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This poem is taken from PN Review 113, Volume 23 Number 3, January - February 1997.

Poems Oskar Loerke
Translated by Richard Dove

Born in 1884, Loerke was ten years younger than Stramm and three years older than Hoddis and Heym: expressionism was, as it were, his birthright, and Peter Rühmkorf rightly includes five earlier poems in his anthology 131 expressionistische Gedichte (Berlin, 1976). But Loerke's poems are modern in a deeper sense: he was writing about Baal several years before Brecht; his albatrosses and unlovely cities with their 'black snow' recall Baudelaire; the self as a 'black cry' (Die Wurzeln/The roots) seems to owe a great deal to Munch, if not to Rimbaud, whose 'Je est un autre' is a problem with which he persistently wrestled (one early response, in the poem Strom/River, reads 'Du is Ich'/'You is 1'); and, though it ends with the classical call of the Bacchants, Das Bett des Mühseligen/The bed of the sorely afflicted almost appears to foreshadow Beckett. What is more, one repeatedly stumbles across stanzas which sound uncannily like Benn - who was, after all, his closest poetic contemporary in chronological terms. But although both started from similar premises (God is dead, the age is late), Loerke did not take Benn's high heroic road. Where the latter elaborated a post-political, post-historical 'static' stance, he allowed himself to get mired in history, likening bare winter trees in Berlin, in a poem published in 1934, to 'the brooms of the unemployed' and referring to the Nazis, even in 1932, as 'Germany's grave-diggers'. Where Benn put himself (in a Nietzschean sense) beyond meaning, Loerke was ever seeking to open new avenues of meaning. There is something ingenuous, and therefore unconvincing, about the unio mystica in the early poem Erfiillung/Fulfilment; but the darker his world became in the wake of the Great War and, above all, during the 'hell' of the Third Reich, the more moving - or even helpful - his expedients. The poem which imagines a worn statuette of the Egyptian god of death coming paradoxically alive in a vital landscape may seem like mere whistling in the dark, but one cannot dismiss his cult of cosmic empathy, and cosmic compassion, quite so lightly (the late poem Ohne falsche Zeugen/Without false witnesses suggests how Benn's moi haissable can be put in its place: when some wood creaks at night, the isolated narrator remarks that 'An ancient forest's moving through the house' and proceeds to identify so strongly with the 'solitude' of the forest in question that he wonders who can possibly be pulling the chair up to the table). What one can say without fear of contradiction is that Loerke was weak (or strong) enough to keep coming round to 'And yet…' (Um Johanni/Near Midsummer Day): it is as hard to imagine him entitling a poem Hier ist kein Trost/No consolation here, as Benn did in 1913, as it is to imagine Benn sending texts into a world of base delusion ('Leben - niederer Wahn!') under titles like Güte /Kindness. This may well be the reason that Loerke's work has failed to fire the reading public in the Age of Anxiety. He did, on the other hand, manage to inspire quite a number of distinguished fellow-poets (what Hesse wrote in 1956, fifteen years after his friend's death, is not so very hyperbolic: 'The greatest lyrical talent beside Trakl and Benn, he was, down the decades, a secret king of modern avant-garde poetry, a much-imitated pioneer, a model for - and a father to - the best of his own and the next generation').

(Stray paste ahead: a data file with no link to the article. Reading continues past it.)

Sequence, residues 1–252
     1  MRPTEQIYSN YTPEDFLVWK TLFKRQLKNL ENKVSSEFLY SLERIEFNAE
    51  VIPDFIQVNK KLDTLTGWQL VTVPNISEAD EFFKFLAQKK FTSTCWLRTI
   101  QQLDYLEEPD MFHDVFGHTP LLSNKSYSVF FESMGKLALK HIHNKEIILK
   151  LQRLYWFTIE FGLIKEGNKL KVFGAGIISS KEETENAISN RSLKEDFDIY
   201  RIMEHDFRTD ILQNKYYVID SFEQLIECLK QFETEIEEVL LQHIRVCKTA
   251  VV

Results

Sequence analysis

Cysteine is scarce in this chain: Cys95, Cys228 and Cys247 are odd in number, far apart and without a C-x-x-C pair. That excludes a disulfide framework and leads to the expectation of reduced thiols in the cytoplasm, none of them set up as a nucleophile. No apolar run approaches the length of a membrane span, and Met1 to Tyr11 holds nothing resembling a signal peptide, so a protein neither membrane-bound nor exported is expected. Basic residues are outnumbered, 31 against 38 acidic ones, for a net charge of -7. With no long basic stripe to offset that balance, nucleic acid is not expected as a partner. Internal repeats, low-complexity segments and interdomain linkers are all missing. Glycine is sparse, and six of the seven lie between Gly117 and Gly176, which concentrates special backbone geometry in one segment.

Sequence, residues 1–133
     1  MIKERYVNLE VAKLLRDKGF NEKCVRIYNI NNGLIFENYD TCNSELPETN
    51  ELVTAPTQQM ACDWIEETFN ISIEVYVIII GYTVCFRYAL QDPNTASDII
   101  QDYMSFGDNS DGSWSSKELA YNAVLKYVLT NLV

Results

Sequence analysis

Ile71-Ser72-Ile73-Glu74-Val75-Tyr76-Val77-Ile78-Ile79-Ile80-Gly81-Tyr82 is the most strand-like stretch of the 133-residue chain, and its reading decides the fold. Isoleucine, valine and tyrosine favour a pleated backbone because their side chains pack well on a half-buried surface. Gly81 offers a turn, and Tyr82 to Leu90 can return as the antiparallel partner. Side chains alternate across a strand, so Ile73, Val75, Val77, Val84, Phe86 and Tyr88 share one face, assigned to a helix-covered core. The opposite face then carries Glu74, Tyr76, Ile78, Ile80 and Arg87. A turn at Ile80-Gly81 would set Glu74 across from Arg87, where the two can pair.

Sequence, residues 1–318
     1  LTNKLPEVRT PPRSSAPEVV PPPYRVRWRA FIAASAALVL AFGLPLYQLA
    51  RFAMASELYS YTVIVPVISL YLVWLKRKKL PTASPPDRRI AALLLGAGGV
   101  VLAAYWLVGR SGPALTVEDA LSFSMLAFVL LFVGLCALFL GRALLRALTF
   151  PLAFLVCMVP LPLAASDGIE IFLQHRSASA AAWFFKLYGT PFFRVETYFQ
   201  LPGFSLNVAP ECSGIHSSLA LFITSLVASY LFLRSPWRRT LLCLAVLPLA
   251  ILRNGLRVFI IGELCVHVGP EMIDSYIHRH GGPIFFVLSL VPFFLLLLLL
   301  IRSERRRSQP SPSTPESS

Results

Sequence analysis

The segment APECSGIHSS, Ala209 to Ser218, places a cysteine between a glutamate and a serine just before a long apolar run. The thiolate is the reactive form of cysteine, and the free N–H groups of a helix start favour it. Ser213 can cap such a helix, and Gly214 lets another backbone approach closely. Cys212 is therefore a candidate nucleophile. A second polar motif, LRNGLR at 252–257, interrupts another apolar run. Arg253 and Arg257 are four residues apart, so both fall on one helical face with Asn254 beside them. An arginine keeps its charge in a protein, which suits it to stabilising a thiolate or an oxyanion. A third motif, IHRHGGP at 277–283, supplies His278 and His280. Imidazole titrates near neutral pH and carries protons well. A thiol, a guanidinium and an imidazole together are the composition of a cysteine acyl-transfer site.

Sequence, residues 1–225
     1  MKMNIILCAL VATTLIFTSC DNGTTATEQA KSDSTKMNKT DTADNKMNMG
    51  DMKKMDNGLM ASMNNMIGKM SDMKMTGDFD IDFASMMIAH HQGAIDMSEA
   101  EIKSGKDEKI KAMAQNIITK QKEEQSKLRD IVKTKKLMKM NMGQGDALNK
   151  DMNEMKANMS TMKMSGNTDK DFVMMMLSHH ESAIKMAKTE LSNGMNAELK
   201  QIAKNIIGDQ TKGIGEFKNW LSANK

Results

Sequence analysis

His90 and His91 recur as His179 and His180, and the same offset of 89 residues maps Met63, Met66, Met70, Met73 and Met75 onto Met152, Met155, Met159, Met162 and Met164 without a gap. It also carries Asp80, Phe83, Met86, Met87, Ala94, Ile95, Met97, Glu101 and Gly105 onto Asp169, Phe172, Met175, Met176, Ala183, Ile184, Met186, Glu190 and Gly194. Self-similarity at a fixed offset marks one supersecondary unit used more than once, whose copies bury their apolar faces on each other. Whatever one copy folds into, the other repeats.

Nirvana (Nirwana) [1911]

This vale seems made of beaten gold;
There is no breeze, the trees here look
Like men off-balance, drink-beguiled,
Near lakes of adamant light.

The vale fades into golden smoke,
Then into golden dreaming,
Then into golden seeming,
Then into golden night…

Fulfilment (Erfüllung) [1911]

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